EV batteries produced with five minute charging time
New lithium-ion batteries capable of charging in five minutes have been produced by Israeli company StoreDot and manufactured by Eve Energy in China on standard production lines.
The extreme fast-charging technology has already been implemented in drones, phones and scooters, with the latest 1000 units produced specifically to showcase the application to vehicle manufacturers and related companies.
The batteries possess the ability to charge in just five minutes, however, this is not compatible with today’s charging infrastructure. Using available technology, StoreDot aims to deliver around 150km of range in five minutes in 2025.
“The number one barrier to the adoption of electric vehicles is no longer cost, it is range anxiety,” reports Doron Myersdorf, CEO of StoreDot. “You’re either afraid that you’re going to get stuck on the highway or you’re going to need to sit in a charging station for two hours. But if the experience of the driver is exactly like fuelling [a petrol car], this whole anxiety goes away.”
“A five-minute charging lithium-ion battery was considered to be impossible,” Myersdorf added. “But we are not releasing a lab prototype, we are releasing engineering samples from a mass production line. This demonstrates it is feasible and commercially ready.”
Current lithium-ion batteries use graphite as one electrode, into which the ions are pushed to store charge. When these are rapidly charged, the ions can become congested and short circuit the battery.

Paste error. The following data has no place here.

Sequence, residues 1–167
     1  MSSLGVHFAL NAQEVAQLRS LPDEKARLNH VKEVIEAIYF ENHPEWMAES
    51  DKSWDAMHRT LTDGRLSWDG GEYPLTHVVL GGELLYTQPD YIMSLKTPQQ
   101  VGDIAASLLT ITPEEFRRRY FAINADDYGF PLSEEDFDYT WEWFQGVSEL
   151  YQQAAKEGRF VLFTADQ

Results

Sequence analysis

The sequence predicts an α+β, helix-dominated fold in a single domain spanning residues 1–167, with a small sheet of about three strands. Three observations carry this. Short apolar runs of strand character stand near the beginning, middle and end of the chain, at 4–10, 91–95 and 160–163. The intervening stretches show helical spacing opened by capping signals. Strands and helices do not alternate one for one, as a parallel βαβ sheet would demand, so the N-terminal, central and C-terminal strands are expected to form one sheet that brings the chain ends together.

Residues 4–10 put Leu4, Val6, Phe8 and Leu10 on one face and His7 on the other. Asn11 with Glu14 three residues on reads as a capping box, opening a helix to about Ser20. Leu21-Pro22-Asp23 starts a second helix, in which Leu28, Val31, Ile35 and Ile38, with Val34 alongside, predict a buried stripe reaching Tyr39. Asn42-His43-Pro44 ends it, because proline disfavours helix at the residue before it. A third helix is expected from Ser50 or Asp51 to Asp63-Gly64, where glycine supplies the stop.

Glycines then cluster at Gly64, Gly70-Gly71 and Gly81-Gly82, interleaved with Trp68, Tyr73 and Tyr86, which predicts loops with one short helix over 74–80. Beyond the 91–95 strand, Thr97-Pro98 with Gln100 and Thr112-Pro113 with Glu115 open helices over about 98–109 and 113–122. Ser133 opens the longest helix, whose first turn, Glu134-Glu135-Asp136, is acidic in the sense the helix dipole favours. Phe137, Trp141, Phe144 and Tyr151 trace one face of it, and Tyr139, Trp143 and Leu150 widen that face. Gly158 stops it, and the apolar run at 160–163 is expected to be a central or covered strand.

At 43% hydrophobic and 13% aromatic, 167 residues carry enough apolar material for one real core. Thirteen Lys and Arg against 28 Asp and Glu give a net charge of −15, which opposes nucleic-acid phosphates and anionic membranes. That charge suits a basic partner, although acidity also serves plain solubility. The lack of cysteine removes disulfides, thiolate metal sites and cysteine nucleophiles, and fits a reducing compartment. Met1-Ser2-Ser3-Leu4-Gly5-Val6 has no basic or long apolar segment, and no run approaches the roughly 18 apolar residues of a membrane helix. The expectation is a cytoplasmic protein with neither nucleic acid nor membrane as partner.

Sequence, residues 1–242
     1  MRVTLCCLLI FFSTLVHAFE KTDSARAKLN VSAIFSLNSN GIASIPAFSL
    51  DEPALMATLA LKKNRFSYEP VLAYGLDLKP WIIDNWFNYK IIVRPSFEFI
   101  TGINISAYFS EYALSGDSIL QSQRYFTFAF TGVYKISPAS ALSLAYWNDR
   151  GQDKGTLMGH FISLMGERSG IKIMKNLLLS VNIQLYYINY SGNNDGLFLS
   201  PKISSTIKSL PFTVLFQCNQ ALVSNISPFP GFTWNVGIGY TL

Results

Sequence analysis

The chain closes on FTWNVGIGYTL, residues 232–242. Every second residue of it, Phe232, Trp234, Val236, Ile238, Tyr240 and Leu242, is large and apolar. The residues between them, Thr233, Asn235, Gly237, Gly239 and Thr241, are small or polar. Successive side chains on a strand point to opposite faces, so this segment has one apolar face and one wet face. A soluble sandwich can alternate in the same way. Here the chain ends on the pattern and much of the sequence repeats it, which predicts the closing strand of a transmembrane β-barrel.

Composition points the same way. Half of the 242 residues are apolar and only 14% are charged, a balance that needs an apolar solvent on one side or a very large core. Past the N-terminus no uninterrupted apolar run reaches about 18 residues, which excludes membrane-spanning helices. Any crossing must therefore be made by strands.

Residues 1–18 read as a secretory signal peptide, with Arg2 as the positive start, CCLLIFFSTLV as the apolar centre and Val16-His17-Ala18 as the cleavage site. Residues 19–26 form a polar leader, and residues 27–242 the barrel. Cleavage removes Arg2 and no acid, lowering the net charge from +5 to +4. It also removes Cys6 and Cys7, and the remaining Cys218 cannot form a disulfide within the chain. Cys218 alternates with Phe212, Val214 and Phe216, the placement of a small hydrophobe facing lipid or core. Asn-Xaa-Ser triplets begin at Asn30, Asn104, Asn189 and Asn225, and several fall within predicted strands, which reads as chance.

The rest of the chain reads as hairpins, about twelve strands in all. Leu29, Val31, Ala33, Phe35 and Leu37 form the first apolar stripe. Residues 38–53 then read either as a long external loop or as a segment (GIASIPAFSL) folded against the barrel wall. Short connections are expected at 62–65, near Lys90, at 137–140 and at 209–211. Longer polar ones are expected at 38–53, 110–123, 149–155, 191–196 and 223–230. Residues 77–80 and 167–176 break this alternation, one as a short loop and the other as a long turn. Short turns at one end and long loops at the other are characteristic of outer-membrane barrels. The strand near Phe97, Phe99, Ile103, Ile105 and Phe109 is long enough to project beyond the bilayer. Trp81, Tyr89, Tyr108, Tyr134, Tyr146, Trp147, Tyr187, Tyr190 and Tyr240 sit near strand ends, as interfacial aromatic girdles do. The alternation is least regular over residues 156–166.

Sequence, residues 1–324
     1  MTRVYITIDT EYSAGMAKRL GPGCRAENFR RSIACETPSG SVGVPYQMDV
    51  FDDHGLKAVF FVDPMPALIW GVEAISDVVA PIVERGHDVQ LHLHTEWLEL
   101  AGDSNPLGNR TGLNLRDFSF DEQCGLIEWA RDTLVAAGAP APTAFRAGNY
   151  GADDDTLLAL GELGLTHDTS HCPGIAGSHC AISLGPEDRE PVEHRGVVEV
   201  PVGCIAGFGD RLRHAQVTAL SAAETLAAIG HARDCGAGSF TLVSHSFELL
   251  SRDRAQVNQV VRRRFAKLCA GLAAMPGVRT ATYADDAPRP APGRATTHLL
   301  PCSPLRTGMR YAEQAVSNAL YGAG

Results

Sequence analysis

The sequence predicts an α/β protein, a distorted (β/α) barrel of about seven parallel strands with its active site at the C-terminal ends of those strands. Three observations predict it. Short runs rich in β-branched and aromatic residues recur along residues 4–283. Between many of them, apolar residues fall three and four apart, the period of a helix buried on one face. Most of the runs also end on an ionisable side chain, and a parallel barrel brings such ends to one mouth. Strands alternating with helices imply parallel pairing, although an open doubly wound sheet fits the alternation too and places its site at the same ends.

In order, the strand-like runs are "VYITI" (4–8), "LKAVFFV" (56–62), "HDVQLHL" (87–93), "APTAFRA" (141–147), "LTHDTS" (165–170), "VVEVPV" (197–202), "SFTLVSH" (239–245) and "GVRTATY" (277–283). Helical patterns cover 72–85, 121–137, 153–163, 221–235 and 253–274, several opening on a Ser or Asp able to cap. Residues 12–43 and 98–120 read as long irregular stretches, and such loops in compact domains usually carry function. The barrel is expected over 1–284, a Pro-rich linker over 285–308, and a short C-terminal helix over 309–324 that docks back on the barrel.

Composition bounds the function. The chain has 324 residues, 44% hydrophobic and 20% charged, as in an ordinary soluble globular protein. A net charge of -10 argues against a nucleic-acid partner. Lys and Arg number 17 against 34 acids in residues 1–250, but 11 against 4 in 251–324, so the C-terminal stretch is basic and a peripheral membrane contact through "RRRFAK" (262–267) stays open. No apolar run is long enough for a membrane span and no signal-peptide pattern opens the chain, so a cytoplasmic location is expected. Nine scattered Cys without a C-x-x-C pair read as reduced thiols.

The StoreDot batteries replaces the graphite with semiconductor nanoparticles into which the ions can pass quickly and easily. These nanoparticles are currently produced from germanium, which is water soluble and simpler to handle during the manufacturing process.
StoreDot believes that nanoparticles can be further improved through the use of silicon, with prototypes expected later this year.
“The bottleneck to extra-fast charging is no longer the battery,” Myersdorf states, but rather the charging stations and grids that will need to be upgraded. To achieve this, StoreDot is working with BP.
“BP has 18,200 forecourts and they understand that, 10 years from now, all these stations will be obsolete, if they don’t repurpose them for charging – batteries are the new oil.”
StoreDot is in a race with numerous other companies around the world who are also investing in fast-charging batteries. Telsa, Enevate and Sila nanotechnologies are all exploring the use of silicon electrodes.
Source: The Guardian | Electric car batteries with five-minute charging times produced.
21 January 2021